DNA barcoding is a taxonomic method that uses a short genetic marker in an organism's DNA to identify it as belonging to a particular species. It differs from molecular phylogeny in that the main goal is not to determine classification but to identify an unknown sample in terms of a known classification. Although barcodes are sometimes used in an effort to identify unknown species or assess whether species should be combined or separated, the utility of DNA barcoding for these purposes is subject to debate.
Applications include, for example, identifying plant leaves even when flowers or fruit are not available, identifying insect larvae (which typically have fewer diagnostic characters than adults), identifying the diet of an animal based on stomach contents or faeces, and identifying products in commerce (for example, herbal supplements or wood).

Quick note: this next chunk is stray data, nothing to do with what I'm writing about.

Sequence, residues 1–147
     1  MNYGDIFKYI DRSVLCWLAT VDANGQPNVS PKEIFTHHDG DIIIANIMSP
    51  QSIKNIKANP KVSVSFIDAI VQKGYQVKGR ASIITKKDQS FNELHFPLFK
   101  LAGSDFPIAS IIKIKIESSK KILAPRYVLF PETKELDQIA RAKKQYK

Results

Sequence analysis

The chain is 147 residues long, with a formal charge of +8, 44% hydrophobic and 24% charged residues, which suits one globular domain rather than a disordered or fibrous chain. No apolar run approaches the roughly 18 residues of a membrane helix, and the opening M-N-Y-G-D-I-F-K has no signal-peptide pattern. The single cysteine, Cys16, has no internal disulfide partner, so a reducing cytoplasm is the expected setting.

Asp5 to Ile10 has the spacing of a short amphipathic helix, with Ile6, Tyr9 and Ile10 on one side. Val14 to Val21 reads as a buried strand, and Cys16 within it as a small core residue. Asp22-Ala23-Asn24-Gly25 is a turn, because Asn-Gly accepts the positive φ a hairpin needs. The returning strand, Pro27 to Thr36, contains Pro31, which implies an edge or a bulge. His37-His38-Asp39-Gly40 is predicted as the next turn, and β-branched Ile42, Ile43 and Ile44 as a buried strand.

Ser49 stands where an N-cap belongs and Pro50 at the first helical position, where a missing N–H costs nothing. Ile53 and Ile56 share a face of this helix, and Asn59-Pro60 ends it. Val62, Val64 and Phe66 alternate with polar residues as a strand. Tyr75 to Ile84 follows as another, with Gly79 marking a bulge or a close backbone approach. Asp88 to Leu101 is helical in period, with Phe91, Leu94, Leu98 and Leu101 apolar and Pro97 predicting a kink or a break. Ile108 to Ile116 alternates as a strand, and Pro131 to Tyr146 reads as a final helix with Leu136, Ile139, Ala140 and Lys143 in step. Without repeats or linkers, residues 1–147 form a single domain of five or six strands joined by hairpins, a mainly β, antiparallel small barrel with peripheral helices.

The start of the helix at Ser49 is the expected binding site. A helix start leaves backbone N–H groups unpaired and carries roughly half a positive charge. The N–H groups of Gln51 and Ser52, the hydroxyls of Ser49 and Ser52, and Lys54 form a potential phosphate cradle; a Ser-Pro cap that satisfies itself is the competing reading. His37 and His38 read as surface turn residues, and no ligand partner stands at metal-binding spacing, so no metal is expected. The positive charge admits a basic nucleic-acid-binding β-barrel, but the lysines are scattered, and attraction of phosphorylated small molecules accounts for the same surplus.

Famous quotes containing the word dna:
“Here [in London, history] ... seemed the very fabric of things, as if the city were a single growth of stone and brick, uncounted strata of message and meaning, age upon age, generated over the centuries to the dictates of some now all-but-unreadable DNA of commerce and empire.”
—William Gibson (b. 1948)